Sunday, October 01, 2017

Get well soon

Earlier in September I heard David Beeney talk about mental health at work, and he used an interesting example:  The staff member who has a broken leg gets get well soon cards and contact from colleagues to see how they are doing.  The staff member who is off with stress is usually ‘left alone’ and there’s little or no contact, and no get well soon card. Yet which of these is most likely to need the contact, support and to know that others are thinking about them? (NB - make sure you read the comments below that followed on from this post)

One point that David wanted to make is that it is OK to share – to tell others if you are having issues around mental health, just as we would if we had – say – a bad back, diabetes or a headache.  But that involves a huge culture change; since Victorian times the British (I can only speak from what I have heard, read or experienced here) have been very good at the ‘stiff upper lip’.  Prior to then, the British were known for being rather emotional – perhaps better at sharing how they were both physically and mentally – than we are now.

As someone who has depression (sometimes quite a big black dog, sometimes a puppy, sometimes it’s away in the kennel) I find it hard to share what is going on in my head, because – as an example – depression makes you lose perspective. You won’t share, because no one will care anyway.  You won’t share because they might ‘find out’ you are not as amazing and indestructible as you want everyone – including yourself – to believe. Sometimes the logic of the dog is not logical at all.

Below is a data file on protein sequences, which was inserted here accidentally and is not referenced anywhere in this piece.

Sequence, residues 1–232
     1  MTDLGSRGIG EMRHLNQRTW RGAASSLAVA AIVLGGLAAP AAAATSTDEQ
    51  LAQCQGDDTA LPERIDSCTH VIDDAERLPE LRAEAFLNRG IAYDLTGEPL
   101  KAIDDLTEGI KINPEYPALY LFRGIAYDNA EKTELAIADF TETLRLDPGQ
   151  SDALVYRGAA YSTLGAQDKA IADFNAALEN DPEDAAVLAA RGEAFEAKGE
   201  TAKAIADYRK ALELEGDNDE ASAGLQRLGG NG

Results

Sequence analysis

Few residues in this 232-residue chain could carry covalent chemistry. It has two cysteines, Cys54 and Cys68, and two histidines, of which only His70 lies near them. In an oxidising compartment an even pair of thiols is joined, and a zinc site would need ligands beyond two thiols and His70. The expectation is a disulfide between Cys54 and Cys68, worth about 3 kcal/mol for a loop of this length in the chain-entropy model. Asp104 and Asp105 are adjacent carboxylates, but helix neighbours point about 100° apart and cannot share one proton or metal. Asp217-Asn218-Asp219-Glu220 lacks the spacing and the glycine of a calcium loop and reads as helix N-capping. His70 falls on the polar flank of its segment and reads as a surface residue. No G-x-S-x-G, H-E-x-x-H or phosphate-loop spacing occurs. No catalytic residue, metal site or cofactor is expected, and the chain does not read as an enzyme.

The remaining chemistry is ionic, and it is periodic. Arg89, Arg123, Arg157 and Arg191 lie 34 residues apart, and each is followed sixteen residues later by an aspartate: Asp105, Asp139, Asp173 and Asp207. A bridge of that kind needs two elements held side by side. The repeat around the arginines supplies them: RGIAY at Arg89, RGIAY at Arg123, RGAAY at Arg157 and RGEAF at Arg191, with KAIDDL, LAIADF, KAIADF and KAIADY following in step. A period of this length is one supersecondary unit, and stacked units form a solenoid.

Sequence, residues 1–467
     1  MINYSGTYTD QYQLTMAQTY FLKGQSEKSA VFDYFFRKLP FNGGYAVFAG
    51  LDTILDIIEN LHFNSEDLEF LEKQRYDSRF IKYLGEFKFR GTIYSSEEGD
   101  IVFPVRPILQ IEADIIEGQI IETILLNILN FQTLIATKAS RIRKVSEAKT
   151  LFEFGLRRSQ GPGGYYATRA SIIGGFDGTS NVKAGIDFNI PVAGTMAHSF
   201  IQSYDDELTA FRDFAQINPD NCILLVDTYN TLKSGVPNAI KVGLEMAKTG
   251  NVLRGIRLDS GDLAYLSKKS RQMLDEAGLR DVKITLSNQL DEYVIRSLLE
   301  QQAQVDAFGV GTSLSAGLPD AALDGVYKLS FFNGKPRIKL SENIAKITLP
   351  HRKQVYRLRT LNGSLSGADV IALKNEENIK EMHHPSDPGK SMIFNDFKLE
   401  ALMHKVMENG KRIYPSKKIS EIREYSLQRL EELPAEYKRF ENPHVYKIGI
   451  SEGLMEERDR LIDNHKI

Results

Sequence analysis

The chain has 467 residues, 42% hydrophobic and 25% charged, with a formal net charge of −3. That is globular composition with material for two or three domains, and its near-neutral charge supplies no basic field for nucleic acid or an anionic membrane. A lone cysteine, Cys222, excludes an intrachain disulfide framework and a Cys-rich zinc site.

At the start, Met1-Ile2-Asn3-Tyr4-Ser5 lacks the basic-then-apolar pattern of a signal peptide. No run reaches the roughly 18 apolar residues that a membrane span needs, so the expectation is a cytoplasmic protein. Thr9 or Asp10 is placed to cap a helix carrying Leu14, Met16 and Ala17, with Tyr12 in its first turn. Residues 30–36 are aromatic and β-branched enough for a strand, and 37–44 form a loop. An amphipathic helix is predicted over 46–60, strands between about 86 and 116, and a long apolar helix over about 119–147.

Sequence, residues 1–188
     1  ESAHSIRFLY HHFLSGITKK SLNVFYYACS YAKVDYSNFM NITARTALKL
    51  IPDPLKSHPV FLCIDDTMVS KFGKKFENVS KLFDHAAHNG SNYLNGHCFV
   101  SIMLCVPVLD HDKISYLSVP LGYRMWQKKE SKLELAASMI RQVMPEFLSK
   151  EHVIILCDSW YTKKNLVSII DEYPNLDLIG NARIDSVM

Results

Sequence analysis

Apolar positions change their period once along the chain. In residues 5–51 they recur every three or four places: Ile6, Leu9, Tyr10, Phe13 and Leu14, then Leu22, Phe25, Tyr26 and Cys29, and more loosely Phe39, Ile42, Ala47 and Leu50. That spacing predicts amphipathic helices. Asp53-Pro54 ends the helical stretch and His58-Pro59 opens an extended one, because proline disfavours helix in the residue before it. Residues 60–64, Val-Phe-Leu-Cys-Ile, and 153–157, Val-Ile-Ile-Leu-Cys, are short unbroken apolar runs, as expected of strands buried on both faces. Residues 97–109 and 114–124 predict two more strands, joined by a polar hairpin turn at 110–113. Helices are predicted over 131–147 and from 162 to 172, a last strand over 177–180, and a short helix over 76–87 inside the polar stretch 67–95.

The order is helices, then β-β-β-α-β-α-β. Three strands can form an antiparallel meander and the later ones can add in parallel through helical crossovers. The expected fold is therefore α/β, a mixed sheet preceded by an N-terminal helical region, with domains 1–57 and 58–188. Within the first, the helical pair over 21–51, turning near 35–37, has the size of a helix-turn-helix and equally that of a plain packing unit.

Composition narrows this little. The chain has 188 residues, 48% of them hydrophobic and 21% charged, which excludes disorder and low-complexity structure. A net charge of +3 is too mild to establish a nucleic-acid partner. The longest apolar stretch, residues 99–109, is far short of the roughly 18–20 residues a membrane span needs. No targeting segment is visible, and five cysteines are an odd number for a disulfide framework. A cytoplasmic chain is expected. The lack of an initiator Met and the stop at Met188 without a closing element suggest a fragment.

The purpose of this post is the same as David’s talk – to get the conversation out in the open, to be prepared to talk about an issue which, as a nation, we seem to try and keep hidden.

There are many statistics around mental health, such as one in three adults, and more recently 25% of teenage girls. In other words, there's a lot of people who are contending with mental health issues.  Sometimes individuals might have an ‘episodic’  issue, but, if you think about mental health as a spectrum (as we do with autistic or other developmental states), then we have probably all had an issue at some time or another. The question (or perhaps diagnosis context) for me is how much it affects everyday life.

Help and references

  • www.mentalhealth-uk.org/

Teenage mental health resources

  • Youngminds - reports on mental health for younger people and charity

Resources



Photo: from Pinterest (no credit identified)

Footnote: since first publishing this, a comment came in that it isn't always appropriate to contact someone who is off work for mental health reasons.  Yes, that's true, and contact may in fact increase problems rather than offer comfort, but the very principle that people off sick because of a mental health issue is 'taboo' is what is challenged here.  If you have a colleague off sick for any kind of mental health reason, check before contacting them with your HR department or boss.  Maybe a get well soon card could be the best thing they ever got.
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